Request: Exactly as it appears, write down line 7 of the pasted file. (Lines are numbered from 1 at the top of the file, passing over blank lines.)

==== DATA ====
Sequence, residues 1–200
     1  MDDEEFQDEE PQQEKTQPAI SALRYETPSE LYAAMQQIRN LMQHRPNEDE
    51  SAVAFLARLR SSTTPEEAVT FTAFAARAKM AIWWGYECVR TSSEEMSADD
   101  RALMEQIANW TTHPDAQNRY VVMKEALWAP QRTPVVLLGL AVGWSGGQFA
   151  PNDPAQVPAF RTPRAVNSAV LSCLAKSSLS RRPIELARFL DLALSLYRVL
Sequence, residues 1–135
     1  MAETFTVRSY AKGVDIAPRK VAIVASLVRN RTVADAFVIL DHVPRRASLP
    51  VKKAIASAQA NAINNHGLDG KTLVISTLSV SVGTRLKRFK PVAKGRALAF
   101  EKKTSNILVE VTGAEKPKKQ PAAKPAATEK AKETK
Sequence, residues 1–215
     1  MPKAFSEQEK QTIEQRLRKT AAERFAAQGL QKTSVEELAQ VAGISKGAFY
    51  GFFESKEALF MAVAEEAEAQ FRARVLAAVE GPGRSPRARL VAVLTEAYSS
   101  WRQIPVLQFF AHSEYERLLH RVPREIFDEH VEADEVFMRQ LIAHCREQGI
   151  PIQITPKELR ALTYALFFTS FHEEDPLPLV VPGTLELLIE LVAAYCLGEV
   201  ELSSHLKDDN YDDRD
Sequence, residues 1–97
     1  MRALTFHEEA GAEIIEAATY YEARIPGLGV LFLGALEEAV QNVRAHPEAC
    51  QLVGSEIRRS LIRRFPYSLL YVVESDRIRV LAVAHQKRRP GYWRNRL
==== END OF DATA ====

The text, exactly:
     1  MAETFTVRSY AKGVDIAPRK VAIVASLVRN RTVADAFVIL DHVPRRASLP